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Hindu and Buddhist Monuments and Remains In South-East Asia
Hindu and Buddhist Monuments and Remains In South-East Asia
Description
From the Jacket

Indian religious art and culture have exercised an extraordinary influence on South-East Asia (earlier called Greater India or Further India). All across South-East Asia, Indian religious world inspired the raising of astonishing monuments, some of which remained unequalled even in the mother country.

The Sailendra (Lords of Mountains) rulers of Java (Indonesia) built the magnificient ninth century Mahayana Buddhist stupa of Borobudur, the largest Buddhist monument in the world and an invaluable heritage of mankind. At a short distance was built the great Hindu complex of Prambanan. In central Myanmar, more than 2,000 red-brick temples and monuments mark the city of Pagan, for 400 years the capital of people who also dedicated much of their labour and wealth to the service of their faith. Angkor in Cambodia can boast of the world's largest religious monument and most inspired and spectacular temple complex in the world, which is dedicated to Vishnu. Ayutthaya, a vast and majestic city of Thailand, has 400 splendid temples. In Vietnam, three important groups of temples are My Son, Dong Duong and Po Nagar, the second being Buddhist and the other two Saivite. The first royal Sivalinga in south-East Asia was established at My Son and the oldest Sanskrit inscription was found in a village called Vo Canh near Nha Trang in the southern part of Vietnam. Wat Phou is Laos' own mini-Angkor. It preserves the glory of Hinduism far away from the land of its origin, the Indian sub-continent.

To know Indian art in India alone, is to know but half its story. To apprehend it to the full; one must watch it assuming new forms and breaking into new beauties as it spreads over Myanmar, Thailand and Vietnam; one must gaze in awe at the unexampled grandeur of its creation in Cambodia and Java. In each of these countries, Indian art encounters a different racial genius, a different local environment, and under their modifying influence it takes on a different garb. Therefore the art of each and everyone of these countries is complimentary to the rest and a knowledge of each, such as this book provides, is indispensable to our understanding of the whole.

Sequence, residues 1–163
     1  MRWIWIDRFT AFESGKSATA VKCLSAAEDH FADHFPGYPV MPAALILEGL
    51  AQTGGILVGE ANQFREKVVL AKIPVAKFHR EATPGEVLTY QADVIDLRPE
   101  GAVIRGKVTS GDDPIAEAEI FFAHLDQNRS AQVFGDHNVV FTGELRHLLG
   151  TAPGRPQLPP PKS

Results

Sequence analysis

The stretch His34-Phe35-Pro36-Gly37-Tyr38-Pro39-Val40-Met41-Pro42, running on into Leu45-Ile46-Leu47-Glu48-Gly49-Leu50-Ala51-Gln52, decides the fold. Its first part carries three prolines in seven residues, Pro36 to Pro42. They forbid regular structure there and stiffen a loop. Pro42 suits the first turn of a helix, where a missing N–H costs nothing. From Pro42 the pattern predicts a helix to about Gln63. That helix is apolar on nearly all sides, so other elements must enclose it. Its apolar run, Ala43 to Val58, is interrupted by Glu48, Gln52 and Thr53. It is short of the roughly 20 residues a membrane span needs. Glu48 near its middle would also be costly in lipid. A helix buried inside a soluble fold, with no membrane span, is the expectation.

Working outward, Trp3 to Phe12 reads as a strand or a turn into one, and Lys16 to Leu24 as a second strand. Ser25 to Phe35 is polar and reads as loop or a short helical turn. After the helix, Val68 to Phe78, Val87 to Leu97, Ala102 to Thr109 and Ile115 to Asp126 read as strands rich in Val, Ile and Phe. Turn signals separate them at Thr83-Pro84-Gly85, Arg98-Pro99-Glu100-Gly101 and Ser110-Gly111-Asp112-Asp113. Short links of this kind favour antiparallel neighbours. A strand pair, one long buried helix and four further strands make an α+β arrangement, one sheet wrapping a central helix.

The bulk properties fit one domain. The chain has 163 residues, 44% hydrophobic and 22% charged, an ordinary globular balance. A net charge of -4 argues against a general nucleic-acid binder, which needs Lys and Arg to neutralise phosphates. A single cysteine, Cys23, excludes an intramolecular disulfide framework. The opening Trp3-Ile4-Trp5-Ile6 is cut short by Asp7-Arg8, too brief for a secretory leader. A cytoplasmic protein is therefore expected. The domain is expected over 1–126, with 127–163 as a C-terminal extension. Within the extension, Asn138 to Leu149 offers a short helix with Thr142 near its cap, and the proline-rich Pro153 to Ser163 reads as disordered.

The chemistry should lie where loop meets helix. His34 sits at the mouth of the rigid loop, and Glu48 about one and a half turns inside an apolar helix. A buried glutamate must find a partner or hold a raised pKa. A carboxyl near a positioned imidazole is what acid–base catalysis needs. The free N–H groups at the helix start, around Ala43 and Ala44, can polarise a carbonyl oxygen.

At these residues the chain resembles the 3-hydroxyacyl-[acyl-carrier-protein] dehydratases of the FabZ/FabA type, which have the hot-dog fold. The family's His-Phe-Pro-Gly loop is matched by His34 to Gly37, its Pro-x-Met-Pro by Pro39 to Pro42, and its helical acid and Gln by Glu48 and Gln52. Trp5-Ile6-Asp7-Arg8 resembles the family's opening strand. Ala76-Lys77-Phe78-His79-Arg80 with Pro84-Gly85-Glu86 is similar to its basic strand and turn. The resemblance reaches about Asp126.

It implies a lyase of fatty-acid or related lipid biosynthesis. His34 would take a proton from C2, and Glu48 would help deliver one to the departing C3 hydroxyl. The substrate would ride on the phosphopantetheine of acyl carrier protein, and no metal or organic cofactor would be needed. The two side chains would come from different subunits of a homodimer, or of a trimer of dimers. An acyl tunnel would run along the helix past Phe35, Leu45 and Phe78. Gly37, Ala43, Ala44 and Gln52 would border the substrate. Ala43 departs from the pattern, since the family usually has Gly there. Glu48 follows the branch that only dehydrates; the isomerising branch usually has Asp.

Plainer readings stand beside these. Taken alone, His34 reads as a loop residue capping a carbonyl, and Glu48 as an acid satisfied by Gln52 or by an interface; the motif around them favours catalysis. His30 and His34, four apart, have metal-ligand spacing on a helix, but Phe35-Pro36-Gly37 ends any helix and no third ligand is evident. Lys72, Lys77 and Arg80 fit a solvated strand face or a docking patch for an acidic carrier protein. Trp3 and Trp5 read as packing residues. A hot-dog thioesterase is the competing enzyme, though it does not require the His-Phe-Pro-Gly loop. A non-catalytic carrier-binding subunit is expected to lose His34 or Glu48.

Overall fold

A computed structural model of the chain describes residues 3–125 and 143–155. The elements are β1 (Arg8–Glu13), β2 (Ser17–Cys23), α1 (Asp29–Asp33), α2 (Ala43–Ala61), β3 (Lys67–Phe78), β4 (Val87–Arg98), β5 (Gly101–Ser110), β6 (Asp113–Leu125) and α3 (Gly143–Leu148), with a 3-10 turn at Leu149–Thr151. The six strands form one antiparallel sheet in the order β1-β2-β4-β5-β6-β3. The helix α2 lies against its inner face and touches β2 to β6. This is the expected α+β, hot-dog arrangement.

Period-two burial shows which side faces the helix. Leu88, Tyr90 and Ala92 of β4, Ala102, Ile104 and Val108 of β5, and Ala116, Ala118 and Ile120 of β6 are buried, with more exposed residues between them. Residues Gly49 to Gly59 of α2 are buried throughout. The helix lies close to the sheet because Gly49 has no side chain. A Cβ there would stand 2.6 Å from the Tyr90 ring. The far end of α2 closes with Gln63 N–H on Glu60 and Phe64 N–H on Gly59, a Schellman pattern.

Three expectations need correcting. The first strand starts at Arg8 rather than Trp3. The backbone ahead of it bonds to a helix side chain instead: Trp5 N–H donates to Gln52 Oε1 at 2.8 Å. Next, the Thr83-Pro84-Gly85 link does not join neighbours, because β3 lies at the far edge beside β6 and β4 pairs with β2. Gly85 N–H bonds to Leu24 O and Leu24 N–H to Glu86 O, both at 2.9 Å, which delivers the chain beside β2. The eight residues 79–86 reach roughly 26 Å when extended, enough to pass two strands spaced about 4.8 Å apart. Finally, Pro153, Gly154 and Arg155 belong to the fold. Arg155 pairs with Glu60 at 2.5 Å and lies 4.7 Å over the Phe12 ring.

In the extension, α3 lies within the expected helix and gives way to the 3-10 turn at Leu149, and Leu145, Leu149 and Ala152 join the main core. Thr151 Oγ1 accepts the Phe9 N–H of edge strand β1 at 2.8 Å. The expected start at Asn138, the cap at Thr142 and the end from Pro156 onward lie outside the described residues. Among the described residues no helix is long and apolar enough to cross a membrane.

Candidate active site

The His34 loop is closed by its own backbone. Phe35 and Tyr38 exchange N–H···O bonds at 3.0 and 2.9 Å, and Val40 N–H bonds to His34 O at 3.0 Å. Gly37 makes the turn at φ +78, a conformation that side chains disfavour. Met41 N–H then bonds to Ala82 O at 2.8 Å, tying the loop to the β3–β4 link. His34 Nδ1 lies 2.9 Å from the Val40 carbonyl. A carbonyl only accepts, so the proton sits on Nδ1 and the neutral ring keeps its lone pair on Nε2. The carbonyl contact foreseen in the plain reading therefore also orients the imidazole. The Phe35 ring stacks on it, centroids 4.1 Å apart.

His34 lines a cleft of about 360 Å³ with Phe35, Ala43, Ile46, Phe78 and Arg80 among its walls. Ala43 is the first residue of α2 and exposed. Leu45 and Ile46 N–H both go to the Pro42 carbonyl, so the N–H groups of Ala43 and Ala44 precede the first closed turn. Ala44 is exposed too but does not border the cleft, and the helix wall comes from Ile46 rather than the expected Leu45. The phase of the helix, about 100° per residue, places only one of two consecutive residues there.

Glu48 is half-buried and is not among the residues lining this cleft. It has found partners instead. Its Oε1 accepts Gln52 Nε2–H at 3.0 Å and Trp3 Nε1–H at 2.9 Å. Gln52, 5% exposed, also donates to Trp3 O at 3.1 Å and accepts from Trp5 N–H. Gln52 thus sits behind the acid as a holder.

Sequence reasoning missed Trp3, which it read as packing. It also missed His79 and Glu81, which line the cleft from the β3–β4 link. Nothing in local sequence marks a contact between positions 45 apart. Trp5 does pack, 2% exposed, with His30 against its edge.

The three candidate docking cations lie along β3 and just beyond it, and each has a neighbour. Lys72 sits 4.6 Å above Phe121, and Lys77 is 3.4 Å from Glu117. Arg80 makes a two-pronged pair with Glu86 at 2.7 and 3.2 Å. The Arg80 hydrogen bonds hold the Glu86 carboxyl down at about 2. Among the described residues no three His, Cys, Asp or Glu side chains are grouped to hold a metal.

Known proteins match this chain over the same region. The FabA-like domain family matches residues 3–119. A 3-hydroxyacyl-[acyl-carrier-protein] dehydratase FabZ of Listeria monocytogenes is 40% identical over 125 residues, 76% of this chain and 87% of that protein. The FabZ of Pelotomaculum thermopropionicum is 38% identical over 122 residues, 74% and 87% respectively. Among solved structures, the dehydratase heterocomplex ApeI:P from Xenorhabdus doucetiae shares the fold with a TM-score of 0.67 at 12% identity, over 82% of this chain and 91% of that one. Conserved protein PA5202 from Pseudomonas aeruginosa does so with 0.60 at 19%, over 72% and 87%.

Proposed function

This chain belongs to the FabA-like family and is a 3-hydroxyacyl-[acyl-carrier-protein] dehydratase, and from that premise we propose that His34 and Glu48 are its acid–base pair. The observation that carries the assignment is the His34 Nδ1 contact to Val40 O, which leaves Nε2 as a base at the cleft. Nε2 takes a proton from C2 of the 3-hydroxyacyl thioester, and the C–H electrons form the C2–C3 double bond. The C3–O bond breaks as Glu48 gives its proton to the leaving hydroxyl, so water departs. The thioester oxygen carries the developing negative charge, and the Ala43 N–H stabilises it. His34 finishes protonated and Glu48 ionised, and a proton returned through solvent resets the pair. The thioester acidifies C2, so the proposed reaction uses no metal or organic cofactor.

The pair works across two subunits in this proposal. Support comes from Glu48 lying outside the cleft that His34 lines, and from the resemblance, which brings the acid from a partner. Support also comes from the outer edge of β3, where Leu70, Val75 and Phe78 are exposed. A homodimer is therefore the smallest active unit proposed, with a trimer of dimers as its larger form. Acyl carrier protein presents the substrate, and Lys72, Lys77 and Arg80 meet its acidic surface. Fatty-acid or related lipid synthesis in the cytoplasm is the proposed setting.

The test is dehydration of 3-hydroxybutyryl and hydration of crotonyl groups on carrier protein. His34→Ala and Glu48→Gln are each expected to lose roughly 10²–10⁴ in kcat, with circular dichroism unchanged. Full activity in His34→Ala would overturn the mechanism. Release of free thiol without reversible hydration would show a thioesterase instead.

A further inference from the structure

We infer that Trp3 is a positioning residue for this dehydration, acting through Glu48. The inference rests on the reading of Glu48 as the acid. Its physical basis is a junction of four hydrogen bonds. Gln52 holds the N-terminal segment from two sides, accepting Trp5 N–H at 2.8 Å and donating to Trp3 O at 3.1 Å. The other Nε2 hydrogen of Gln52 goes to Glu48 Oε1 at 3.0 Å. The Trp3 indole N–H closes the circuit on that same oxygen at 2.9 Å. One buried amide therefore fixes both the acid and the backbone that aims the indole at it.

About the Author

Sri Amar Nath Khanna was born at Multan in West Punjab in 1936. He holds a Master's degree in History and a Post-Graduate Diploma in Archaeology from, the School (New Institute) of Archaeology, Archaeological Survey of India, New Delhi. Shri Khanna has had the rare opportunity of visiting and studying monuments and pilgrim shrines scattered all over the Indian subcontinent as well as in South-East Asia, China and Japan during the last half a century. He retired as Senior Technical Officer, Indira Gandhi National Centre for the Arts in 1996 while earlier he had been working as a Senior Officer with the President of India. In 1998, he was invited again by Shri R. Venkataraman, former President of India, to work with him even after retirement. He had been the Registering Officer for Antiquities in Himachal Pradesh and was associated with Shri Rajeev Sethi, Padma Bhushan, in the Aditi Exhibition curated by him in the Festival of India, U.S.A., the Basic Human Needs Pavilion set up in Expo 2000, Hanover, Germany and Celebration of 150 years of the First War of Independence, 1857, in 2007. He was associated with Smt. Pupul Jayakar, Adviser to Prime Minister on Heritage and Cultural Resources, in the Festivals of India held in the U.S.A. and Japan and the Year of India in France. He was a Member of the Presidential Delegations to Japan in 1990 and China in 1992.

Shri Khanna's book Archaeology of India was published in 1981. Its revised and enlarged edition which covered Pakistan and Bangladesh also was published in 1992 and was highly appreciated among others by the President of India and Dr. Karl Khandalavala. His book Pilgrim Shrines of India, published in 2003, has won appreciation of H.H. Jagadguru Shri Shankaracharya, Dakshin Aamnaya, Sringeri. Shri Khanna has also edited four books, the latest being The Diverse World of Indian Painting, Aryan Books International, New Delhi, 2008. Shri Khanna's research papers have been published in leading journals in India. Currently, Shri Khanna is Secretary, Indo-Tibetan Art & Culture Study Group, New Delhi, and Founder Member, Rasaja Foundation, New Delhi.

Preface

Sir John Marshall says, 'to know Indian Art in India alone, is to know half its history. Certainly, as far as Buddhist Art is concerned, we must follow it in the wake of Buddhism everywhere'. For, in each country where the doctrine of the 'enlightened one' traveled, it carried over the vitality of its original hypothesis, for a thousand years and more, clothed itself in the habiliments of the local genius in a manner which fills one with wonder and admiration for its inspiring character and its abi9lity to meet the social and human needs of different climes.